Listen - and listen good:  If I EVER see you NEAR my child, or my home, or if I EVER even HEAR about either one of you coming near my child, I will PERSONALLY make sure that you are VERY VERY SORRY.   Do you get that?  Get away from my house, and get away from the kids in this neighborhood. NOW.

Now, not only have I been 'choosing' kindness this year, not only have I been pursuing ways to be gentler with those around me, I also fancy myself as a bit of a cool customer when it comes to parenting.  I do my best not to freak out when there are injuries (real or imagined), I work hard at accepting all the outrageous things kids do without judging them, and I certainly never planned on screaming at preteen boys in my fake fur slippers.

If you'd asked me, maybe presented the above scene as a 'theoretical' to me, in the days before I became a parent, I would say maybe that the kids needed to figure it out.  I would say that maybe the four year old instigated it.  I would say that overreacting would only make the incident worse.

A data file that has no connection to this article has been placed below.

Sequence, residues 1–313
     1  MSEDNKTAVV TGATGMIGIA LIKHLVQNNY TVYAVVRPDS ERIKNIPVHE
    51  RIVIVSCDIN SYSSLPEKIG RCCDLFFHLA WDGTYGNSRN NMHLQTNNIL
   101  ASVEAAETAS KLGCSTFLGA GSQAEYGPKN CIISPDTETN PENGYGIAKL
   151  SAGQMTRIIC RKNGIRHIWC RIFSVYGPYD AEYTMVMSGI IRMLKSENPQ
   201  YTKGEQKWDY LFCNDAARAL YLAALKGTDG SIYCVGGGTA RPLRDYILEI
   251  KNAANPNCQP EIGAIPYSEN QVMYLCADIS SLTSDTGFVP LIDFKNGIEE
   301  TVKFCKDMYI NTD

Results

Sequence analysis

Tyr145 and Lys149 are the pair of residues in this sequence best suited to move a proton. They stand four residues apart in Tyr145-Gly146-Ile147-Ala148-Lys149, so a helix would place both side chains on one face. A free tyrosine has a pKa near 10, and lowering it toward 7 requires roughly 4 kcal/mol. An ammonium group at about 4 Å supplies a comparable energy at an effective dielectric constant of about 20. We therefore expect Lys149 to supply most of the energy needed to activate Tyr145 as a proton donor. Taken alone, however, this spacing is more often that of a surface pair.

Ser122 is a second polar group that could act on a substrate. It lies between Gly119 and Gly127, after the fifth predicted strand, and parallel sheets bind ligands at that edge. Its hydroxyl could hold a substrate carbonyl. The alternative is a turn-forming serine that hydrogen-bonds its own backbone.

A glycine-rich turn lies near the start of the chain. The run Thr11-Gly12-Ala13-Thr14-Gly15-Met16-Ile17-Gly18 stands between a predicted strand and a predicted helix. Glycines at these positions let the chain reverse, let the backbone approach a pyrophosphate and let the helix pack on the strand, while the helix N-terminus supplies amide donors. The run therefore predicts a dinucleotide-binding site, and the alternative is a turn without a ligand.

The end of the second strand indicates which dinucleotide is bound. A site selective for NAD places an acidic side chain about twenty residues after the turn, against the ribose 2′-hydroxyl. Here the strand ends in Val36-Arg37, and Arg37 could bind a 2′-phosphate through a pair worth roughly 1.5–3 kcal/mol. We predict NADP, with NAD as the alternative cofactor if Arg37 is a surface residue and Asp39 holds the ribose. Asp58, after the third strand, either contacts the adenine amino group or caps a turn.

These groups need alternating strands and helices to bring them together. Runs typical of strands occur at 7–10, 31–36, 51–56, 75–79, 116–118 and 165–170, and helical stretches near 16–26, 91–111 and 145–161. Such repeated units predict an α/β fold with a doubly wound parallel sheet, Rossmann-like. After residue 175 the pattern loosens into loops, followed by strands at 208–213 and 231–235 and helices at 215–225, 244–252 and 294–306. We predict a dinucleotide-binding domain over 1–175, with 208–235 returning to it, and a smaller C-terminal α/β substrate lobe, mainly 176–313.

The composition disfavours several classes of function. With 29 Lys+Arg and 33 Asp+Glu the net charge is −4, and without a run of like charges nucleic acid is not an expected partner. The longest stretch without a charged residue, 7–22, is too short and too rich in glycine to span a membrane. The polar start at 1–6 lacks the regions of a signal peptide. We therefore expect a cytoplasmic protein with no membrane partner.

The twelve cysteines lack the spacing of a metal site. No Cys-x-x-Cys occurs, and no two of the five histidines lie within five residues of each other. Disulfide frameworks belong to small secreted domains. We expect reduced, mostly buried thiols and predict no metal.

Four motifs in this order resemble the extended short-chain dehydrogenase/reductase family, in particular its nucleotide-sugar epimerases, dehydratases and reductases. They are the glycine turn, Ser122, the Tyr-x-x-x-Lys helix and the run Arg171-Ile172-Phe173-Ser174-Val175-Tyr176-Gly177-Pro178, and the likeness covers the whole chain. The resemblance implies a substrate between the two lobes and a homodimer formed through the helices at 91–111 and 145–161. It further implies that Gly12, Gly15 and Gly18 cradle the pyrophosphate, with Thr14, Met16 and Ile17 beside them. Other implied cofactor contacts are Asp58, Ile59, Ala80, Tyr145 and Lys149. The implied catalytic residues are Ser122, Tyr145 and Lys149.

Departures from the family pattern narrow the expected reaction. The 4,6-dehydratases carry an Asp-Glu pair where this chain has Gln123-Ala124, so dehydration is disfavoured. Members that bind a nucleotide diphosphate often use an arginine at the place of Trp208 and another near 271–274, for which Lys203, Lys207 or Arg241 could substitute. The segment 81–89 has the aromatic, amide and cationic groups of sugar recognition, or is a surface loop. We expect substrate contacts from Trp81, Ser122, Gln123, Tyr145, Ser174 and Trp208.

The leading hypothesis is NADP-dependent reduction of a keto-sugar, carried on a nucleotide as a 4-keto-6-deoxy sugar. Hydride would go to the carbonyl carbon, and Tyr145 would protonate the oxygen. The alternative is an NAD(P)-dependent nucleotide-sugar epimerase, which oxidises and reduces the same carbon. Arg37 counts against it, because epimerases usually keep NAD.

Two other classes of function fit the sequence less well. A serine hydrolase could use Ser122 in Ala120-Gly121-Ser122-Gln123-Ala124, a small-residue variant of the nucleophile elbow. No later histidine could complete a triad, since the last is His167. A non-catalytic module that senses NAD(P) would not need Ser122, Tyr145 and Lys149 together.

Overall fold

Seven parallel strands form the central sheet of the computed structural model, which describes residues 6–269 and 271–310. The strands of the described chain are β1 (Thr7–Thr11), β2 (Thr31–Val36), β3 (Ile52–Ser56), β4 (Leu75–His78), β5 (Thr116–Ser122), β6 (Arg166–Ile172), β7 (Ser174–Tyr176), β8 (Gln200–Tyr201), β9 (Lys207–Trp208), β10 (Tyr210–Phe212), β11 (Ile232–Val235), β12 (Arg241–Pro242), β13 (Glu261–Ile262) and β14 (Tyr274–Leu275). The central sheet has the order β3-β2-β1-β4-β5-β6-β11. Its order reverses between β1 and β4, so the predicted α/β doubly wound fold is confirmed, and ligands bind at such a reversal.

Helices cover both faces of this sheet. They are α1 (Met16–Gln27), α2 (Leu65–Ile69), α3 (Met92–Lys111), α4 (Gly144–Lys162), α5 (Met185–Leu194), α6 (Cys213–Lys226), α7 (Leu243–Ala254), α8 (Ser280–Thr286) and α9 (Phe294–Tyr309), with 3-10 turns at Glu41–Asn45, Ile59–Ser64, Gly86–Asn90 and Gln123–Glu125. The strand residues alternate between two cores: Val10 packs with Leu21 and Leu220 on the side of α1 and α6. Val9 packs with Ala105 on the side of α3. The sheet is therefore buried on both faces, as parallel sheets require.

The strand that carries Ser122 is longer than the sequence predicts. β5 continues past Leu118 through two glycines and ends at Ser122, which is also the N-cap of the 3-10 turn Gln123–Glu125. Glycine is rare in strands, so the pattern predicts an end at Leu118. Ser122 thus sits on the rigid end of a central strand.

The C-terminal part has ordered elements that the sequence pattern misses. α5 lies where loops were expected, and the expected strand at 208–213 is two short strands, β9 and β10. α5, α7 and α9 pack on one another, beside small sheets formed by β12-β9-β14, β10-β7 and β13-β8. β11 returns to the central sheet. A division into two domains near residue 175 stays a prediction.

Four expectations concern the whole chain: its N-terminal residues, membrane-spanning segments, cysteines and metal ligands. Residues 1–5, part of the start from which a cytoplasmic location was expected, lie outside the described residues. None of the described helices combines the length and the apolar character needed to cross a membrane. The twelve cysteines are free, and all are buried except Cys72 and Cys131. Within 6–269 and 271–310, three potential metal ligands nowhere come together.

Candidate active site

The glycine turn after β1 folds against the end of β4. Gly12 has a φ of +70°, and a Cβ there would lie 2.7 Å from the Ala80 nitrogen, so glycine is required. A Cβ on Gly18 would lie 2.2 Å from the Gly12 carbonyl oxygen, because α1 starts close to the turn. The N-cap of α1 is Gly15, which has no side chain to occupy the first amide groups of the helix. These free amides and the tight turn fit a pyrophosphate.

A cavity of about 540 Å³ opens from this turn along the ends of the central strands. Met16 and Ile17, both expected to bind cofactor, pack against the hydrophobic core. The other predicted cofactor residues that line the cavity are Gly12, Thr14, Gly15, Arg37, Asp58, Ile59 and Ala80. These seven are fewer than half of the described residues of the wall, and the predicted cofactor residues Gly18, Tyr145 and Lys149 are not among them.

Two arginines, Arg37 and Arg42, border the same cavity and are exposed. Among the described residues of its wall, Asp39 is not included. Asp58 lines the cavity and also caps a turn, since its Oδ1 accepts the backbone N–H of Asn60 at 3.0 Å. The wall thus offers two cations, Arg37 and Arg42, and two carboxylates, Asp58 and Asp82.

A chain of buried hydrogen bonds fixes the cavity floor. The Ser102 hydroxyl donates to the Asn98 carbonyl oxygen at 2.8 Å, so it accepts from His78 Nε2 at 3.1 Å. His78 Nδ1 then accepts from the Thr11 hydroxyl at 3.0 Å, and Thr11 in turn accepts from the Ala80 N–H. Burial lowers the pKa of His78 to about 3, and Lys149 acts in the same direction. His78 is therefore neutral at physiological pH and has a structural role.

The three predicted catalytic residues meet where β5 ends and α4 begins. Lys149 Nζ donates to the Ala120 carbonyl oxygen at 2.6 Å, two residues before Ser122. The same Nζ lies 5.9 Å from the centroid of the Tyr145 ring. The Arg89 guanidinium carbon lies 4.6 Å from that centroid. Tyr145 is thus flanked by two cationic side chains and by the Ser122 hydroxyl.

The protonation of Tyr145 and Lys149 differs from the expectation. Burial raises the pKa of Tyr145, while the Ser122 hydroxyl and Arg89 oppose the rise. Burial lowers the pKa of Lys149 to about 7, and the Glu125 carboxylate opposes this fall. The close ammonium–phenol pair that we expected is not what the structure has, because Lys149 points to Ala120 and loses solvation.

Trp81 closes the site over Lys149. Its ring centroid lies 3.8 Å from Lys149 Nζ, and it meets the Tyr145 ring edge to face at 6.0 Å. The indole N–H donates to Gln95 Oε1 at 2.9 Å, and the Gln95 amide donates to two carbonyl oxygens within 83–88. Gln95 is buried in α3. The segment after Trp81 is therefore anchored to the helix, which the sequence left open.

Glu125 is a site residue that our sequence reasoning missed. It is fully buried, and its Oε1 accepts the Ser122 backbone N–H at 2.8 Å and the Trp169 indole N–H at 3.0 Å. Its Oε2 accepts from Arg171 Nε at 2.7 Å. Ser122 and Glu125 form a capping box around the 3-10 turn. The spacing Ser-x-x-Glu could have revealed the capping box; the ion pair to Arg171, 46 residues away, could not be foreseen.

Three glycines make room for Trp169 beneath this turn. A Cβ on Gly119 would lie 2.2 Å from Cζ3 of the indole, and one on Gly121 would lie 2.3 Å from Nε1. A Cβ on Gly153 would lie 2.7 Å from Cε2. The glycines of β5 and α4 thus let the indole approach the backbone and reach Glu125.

Oh, but the white-hot fury.  The absolute primal reaction of a parent protecting a child - of wanting anyone, be they thirteen or ninety,  to know just how wrong hurting little people is?  Well I took myself by surprise. 

Seems I'm not quite as evolved as I'd imagined.  But with 24 hours to look back at the scenario, I still have the same reaction.  I will be as kind as I am able - just don't touch my cubs.


Cheryl said...

good job, momma bear! Bet those kids had to run home and wash their drawers! lol I am the same way (re: all my posts on peanut allergy) and to those who think it's up to kids to work it out, I might remind them that not everyone has a Lord of the Flies mentality to parenting. I say bravo to you!! Oh - and the pic of the bear? Hysterical!

Lori-Anne said...

I haven't had any situations like this arise yet, and I honestly don't know how I would react - but I really, really hope it would be something like this!

Anonymous said...